Level crossings have been part of the railway landscape since the 19th century.

With about 6,000 still in use, we're targeting drivers using level crossings in our latest safety campaign to raise awareness of the risks and reduce the number of incidents across the country.

In the early days, private companies built and maintained railways based on Acts of Parliament known as special acts. These special acts were passed during the 19th century and would hold companies responsible for managing and resolving matters including:

  • fencing the line
  • building and maintaining bridges
  • and level crossings.
A level crossing at Ware station, 1960

As society and technology have evolved dramatically in the last two centuries, so has the need to develop railway infrastructure.

Take a look back in time at how level crossings have changed with the railway:

The history of level crossings

1830s

  • Level crossings become a common feature of the network following the large-scale building of railways.
  • There is a growing need for standardisation regarding safety; it is widely recognised that steam powered locomotives take much longer to stop than horse drawn carts and carriages.

Regulation

  • The first rules regarding level crossing safety are published.
  • Requirements are applied to turnpike roads in the Highway Act of 1839, where “good and proper persons” are advised to operate gates.
  • The Railway Regulation Act 1842 advises level crossing gates should remain closed across the roads when not needed to for road traffic.
  • All rail companies are required to build and manage fences along their lines. This new law is not for the safety of the public, but to stop trespassing on private land.

1860s

  • Signal boxes become an integral part of the train signalling system.
  • Gates are operated by a wheel in the signal box. At quieter boxes, they are moved into place manually, by the signalmen.
  • Stop signals are installed to protect level crossings and are displayed a few yards on approach.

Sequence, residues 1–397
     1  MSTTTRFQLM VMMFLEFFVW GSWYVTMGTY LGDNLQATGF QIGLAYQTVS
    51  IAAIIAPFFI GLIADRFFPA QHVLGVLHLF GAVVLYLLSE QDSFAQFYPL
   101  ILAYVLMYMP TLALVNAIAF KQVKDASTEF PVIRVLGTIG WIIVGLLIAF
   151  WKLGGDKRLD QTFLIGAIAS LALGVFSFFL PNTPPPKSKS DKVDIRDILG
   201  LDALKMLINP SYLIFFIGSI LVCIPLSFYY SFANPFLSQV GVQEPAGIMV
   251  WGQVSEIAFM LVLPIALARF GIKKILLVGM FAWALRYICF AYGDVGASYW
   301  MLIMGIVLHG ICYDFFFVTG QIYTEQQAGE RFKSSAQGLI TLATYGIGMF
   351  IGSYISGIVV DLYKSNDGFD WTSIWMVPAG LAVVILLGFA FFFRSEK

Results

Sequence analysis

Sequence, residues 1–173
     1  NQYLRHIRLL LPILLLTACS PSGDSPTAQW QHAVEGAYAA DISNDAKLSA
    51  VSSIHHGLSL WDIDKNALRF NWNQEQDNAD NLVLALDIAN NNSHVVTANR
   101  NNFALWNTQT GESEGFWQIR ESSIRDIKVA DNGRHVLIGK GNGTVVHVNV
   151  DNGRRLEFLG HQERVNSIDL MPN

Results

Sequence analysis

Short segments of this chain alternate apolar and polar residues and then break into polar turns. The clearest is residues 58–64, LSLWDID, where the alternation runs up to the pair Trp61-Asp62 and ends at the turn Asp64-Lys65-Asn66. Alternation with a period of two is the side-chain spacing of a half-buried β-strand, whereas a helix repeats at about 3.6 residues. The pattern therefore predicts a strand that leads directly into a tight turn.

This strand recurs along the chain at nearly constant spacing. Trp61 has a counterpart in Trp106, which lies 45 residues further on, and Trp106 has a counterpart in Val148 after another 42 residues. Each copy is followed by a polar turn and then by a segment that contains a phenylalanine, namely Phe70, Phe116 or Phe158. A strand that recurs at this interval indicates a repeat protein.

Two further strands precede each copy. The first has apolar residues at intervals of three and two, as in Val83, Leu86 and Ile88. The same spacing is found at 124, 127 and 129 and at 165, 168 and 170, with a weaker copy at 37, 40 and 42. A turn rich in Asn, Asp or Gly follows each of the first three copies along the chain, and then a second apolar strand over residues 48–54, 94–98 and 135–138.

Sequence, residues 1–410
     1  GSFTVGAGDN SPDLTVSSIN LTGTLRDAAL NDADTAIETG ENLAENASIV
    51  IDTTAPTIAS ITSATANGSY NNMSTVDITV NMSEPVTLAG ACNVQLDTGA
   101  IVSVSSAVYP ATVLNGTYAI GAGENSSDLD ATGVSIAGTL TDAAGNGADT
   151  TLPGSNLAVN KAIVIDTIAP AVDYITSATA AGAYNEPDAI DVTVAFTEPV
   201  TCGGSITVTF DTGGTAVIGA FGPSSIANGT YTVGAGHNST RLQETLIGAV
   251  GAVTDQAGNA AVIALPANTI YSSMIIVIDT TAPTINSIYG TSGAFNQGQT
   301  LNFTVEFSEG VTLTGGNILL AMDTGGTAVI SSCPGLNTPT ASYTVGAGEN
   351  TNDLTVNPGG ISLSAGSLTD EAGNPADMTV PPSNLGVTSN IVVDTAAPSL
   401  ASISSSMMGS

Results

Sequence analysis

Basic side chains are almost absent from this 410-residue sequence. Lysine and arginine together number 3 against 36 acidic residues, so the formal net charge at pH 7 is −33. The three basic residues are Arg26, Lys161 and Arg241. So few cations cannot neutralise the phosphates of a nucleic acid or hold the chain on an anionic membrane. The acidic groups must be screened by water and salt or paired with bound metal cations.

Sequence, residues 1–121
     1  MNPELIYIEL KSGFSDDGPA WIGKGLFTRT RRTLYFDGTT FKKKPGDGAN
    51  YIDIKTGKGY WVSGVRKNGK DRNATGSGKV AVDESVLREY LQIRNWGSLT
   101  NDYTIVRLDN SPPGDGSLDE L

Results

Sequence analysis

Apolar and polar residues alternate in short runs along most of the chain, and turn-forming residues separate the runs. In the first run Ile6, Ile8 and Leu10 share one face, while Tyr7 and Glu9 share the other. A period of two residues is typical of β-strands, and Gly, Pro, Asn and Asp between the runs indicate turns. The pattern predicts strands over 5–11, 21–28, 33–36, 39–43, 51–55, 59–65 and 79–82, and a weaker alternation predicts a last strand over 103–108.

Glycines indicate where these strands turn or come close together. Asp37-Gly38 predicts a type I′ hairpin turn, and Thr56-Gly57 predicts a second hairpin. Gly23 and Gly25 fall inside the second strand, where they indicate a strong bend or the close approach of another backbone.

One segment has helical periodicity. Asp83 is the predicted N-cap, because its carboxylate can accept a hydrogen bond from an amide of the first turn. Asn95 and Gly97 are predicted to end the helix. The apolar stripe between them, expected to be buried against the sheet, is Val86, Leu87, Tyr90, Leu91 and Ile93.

1890s – 1910s

  • Vehicle ownership grows significantly and changes the rail and road relationship.
  • The impact of motor vehicles using public level crossings is relatively small. Accidents involving fatalities are few, involving occasional collisions with gates. Greater impact is felt at private crossings.

1930s

  • The modernisation of public level crossings in Britain is low priority, particularly the development of automatic barriers, due to a lack of available funds during the economic crisis of the 1930s.

1940s – 1950s

  • Level crossings require heavy maintenance during the immediate post-war years but their operation remains unchanged until the modernisation plan.

The Modernisation Plan of 1955

  • There is an increasing need to modernise the gated level crossings system but the growing prosperity of the 1950s makes finding staff difficult. The current gated system is also problematic, creating inconvenience and delays for road users during their operation.
  • The Modernisation Plan proposes to spend £1.2bn upgrading the trains and system, providing legislative basis for automatic lifting barriers without attendants.

1960s – 1970s

  • The modernisation plan is implemented further; many traditional wooden gates are replaced with lightweight metal barriers, which are first controlled by signal boxes.
  • Automatic half-barriers (AHBs), locally monitored automatic open crossings (AOCLs) and remotely monitored automatic open crossings (AOCRs) are all introduced during these years.
  • Locally monitored automatic open crossings launch in 1963.
  • In the Hixon rail crash of 1968, a low loader transporter is struck by an express train at an automatic half-barrier crossing in Staffordshire, killing 11 people. This incident leads to improvements in signage around automatic level crossings. The crossing at Hixon is eventually replaced in 2002 by a bridge.

1980s

  • A growing trend of ‘zigzagging' around lowered half barriers at level crossings is the primary source of accidents at automatic half-barriers crossings.
  • In the Lockington disaster of 1986, train strikes a van and derails at a remotely monitored automatic open crossings level crossing, killing nine people. The incident raises doubts about the suitability of open level crossings. British Railways is required to convert such crossings to other types of crossings.

1990s

  • Safety gradually improves at level crossings as many of the riskiest crossings undergo upgrades.

2000s and the future

  • 2006 Road Safety Act – Network Rail is involved in persuading Parliament to give power to the Department for Transport to issue highway authorities to make road improvements surrounding level crossings.
  • Network Rail install level crossing red light safety cameras, with 33 currently installed across the network (December 2017)
  • Network Rail and BTP highlight the dangers of ignoring warning signs and lights at level crossings.
  • Network Rail embark on a programme of works to reduce the risk at level crossings through closure, developing and installing technology and raising awareness through targeted safety campaigns.

Sources:

The Law Commission Consultation Paper No 194 and The Scottish Law Commission Discussion Paper No 143: Level Crossings

Hall, S and Van Der Mark, P., 2008. Level Crossings: The history, development and safety record of railway level crossings in Britain and Overseas from 1830 to 2008. Surrey: Ian Allen Publishing

More information:

Drivers level crossing safety campaign

Dr Beeching's axe / The Modernisation Plan of 1955

Spotlight on…level crossings